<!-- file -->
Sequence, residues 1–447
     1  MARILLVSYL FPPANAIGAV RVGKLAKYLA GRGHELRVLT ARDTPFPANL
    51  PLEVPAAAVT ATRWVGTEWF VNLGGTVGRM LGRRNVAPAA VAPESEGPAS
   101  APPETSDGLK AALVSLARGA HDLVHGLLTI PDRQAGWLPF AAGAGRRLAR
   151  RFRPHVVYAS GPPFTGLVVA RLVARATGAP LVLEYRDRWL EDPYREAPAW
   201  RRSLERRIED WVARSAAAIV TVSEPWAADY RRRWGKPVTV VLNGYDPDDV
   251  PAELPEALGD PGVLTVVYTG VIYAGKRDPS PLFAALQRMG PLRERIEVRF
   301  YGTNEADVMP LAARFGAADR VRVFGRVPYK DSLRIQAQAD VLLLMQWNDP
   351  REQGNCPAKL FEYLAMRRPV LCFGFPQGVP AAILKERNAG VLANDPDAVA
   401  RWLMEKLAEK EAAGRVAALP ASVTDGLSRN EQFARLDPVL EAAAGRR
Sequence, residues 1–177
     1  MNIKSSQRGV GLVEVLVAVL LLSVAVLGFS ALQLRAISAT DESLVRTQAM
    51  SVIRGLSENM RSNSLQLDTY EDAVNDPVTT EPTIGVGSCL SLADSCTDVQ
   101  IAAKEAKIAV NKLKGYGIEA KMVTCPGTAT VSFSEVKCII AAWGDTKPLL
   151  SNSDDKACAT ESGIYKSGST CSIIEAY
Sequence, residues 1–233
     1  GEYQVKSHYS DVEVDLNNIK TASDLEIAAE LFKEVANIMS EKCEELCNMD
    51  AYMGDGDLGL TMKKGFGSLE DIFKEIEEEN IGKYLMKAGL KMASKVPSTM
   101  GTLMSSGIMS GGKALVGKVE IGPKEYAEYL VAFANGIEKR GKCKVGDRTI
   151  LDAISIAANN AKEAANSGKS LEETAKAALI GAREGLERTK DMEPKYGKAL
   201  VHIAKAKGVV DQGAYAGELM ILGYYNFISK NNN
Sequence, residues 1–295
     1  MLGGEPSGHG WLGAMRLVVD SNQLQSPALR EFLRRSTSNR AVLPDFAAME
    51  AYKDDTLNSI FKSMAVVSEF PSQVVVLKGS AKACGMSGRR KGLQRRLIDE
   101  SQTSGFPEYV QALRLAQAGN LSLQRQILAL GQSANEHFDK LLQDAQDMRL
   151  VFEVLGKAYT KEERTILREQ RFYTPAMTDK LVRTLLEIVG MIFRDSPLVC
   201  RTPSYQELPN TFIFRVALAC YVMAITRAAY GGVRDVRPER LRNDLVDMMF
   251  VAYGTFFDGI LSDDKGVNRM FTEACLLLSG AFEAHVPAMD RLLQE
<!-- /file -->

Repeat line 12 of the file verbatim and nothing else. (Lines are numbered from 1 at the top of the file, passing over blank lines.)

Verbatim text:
     1  MNIKSSQRGV GLVEVLVAVL LLSVAVLGFS ALQLRAISAT DESLVRTQAM